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Excitement, purpose guide mountain town climate summit in Aspen

Arn Menconi
Special to The Aspen Times
The Global Meeting of the Mountain Partnership got right to business with panels including this one with Gloria Schoch, senior director of global impact for the VF Corp. and executive director of the VF Foundation; Rebecca Gillis, state and local government affairs manager for the Outdoor Industry Association; Steven Skadron, vice president and campus dean of Colorado Mountain College Aspen and Carbondale; and Doreen Robinson, head of biodiversity at UN Environmental Programe.
Photo by IISD/ENB

Mayor Torre was excited on Tuesday to welcome the world of mountain towns to Aspen.

“This is hands down the biggest climate event ever in Aspen,” he said. “Bringing the event to Aspen is because of a lot of hard work from Aspen International Mountain Foundation, which has been at the table on regional, national and international solutions.”

Delegates are here for the Sixth Global Meeting of the Mountain Partnership. It is the only United Nations voluntary alliance of partners dedicated to mountain peoples and environments, with over 450 members from 96 countries, including national and local governments, intergovernmental organizations, NGOs, private sector businesses and nonprofits. the first time in North America for the United Nations alliance Mountain Partnerships Mountains Matter Ideas to Action.



Its main role is to facilitate dialogue on priority issues faced by mountain peoples and environments. The pillars of the work of the alliance are advocacy, capacity development, communications and knowledge management as well as joint projects among members.

“Mountains occupy about a quarter of the Earth’s land, harbor most of its biodiversity hotspots and supply fresh water to an estimated half of humanity. Mountains include a multitude of ecosystems …. Mountain regions are particularly sensitive to degradation from both human pressures and climate change,” as the United Nations’ website puts it.




Italy was one of Mountain Partnership’s founding members and a donor to its Secretariat, based at the Food and Agriculture Organization of the United Nations’ headquarters in Rome, Italy.

Livio Spadavecchia, Italy’s counselor of the Ministry of Foreign Affairs, explained the importance he places on the summit: “We are sharing best practices in solutions for the ecosystems because mountain towns have unique needs. It’s so important to prioritize restoration and sustainable agriculture and to enhance communities. Without livelihood being cared for these communities can’t work on their basic needs.”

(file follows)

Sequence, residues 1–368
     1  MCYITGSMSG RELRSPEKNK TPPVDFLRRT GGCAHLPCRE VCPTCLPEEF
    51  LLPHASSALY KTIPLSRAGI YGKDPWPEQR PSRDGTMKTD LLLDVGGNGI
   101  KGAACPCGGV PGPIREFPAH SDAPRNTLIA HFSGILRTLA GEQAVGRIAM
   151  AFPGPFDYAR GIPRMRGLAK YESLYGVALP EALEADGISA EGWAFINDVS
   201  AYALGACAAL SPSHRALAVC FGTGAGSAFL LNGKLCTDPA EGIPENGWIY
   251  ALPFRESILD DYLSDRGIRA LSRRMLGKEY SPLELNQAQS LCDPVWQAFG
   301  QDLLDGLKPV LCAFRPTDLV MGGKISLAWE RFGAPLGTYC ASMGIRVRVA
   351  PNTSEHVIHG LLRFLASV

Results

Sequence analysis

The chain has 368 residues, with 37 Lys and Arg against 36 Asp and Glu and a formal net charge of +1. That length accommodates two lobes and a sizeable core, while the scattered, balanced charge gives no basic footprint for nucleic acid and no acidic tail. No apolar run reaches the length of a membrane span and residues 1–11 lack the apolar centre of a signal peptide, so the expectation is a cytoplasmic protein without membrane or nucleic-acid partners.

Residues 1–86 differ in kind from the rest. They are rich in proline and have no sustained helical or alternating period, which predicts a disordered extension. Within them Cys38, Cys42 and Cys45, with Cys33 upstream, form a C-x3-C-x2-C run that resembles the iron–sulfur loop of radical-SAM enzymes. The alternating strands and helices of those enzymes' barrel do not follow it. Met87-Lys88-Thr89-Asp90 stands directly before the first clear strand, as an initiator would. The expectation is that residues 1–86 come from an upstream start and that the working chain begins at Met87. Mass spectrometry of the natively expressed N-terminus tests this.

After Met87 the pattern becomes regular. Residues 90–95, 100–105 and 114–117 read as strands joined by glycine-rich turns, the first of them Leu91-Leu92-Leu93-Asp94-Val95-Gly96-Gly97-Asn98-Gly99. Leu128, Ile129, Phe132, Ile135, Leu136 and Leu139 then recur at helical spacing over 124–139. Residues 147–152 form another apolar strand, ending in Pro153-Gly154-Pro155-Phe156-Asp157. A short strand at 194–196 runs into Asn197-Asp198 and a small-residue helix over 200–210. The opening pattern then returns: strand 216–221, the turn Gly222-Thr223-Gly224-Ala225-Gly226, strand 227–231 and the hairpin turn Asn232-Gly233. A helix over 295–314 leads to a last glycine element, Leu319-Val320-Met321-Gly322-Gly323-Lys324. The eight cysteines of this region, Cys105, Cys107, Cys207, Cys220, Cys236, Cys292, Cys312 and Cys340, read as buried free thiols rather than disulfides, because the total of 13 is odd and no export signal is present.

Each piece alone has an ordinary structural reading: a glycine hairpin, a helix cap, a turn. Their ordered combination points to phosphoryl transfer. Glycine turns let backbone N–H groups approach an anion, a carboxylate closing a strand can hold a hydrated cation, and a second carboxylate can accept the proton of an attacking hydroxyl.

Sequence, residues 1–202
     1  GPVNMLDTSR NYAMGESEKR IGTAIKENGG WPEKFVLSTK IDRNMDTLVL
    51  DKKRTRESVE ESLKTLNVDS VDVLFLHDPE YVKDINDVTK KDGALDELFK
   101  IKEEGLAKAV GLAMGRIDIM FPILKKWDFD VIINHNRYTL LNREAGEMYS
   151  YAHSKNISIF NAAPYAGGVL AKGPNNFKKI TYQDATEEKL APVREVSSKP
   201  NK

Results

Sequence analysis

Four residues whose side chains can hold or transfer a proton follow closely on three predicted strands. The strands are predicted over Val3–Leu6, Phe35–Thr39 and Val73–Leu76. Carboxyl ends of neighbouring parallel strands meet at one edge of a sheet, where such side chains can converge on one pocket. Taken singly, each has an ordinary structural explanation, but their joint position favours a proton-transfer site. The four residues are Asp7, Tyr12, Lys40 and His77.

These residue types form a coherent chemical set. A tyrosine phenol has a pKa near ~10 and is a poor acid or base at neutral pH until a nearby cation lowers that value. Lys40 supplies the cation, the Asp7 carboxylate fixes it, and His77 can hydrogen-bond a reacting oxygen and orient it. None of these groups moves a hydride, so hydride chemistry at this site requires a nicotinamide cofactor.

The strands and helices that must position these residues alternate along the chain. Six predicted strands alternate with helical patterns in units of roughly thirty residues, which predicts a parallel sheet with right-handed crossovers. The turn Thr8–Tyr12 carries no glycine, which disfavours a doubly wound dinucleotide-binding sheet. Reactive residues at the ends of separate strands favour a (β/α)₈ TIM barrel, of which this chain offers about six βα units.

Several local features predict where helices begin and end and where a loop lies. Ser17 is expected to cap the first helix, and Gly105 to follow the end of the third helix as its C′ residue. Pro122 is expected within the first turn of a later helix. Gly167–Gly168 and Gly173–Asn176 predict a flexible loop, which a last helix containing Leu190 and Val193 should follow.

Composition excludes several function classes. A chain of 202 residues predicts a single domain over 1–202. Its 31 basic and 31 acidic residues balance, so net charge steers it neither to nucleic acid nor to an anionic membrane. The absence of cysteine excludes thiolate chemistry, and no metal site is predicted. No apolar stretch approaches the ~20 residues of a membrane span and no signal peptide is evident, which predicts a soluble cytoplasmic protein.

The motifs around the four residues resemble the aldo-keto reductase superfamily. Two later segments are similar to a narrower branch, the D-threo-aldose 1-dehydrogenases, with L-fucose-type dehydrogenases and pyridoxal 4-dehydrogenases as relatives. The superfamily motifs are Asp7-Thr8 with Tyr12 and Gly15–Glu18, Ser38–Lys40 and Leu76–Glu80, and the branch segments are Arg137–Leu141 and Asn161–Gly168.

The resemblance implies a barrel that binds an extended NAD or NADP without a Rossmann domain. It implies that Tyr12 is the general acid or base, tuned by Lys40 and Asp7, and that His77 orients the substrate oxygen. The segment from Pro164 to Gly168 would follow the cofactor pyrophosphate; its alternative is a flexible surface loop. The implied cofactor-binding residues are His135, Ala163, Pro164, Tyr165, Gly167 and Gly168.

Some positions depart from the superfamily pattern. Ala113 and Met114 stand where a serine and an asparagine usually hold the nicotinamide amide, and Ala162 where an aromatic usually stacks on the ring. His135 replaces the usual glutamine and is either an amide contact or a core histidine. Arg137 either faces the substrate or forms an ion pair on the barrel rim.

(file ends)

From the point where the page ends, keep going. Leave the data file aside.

Aspen was the first local municipality in the United States to set a climate action plan and the first U.S. government to join the Mountain Partnership.

Outdoor sports

“The outdoor industry is a $689 billion industry and creates 4.3 million jobs, which is bigger than the agriculture, pharmaceutical, or automotive industry nationally,” said Conor Hall, director of the state Outdoor Recreation Industry Office. “Outdoor recreation industry accounts for 18% of the jobs in Colorado at 511,000 and, in 2017, was estimated at putting $37 billion into our economy. Protecting and preserving the outdoors preserves and sustains our state’s economy.”

“We need to get out of the environmental bubble. Climate change affects all sectors of society,” said Doreen Robinson, head of biodiversity at the UN Environmental Programe. “Twenty-seven percent of the planet are mountains, yet 24 of 35 are biodiversity hotspots. We wanted to focus on the outdoor industry because of its focus on nature. COVID showed us the emergence of people from urban areas getting out more. There’s more of an appetite from the outdoor industry.”

 “There is this common ground interest of preserving the outdoors. We utilize this voice outdoors to local, state and federal governments. If we all surround behind this common goal, we all win,” said Rebecca Gillis, state and local government affairs manager of the Outdoor Industry Association. “The outdoor industry has a special passion-driven place in society, and we have a purpose to work on behalf of all.”

Gloria Schloch, senior director of global impact at VF Foundation, focused on climate justice, saying, “The power of our youth and the next generation show there’s a more inclusive and diverse population getting into the outdoors. How do we inspire the next generation to become conservationists? Creating a sense of belonging for all in the outdoors is a powerful tool for building climate advocates everywhere.”

For more information on Mountain Partnership, go to  https://www.fao.org/mountain-partnership. 2022 marks the 20th anniversary of the International Year of Sustainable Mountain Development 2022.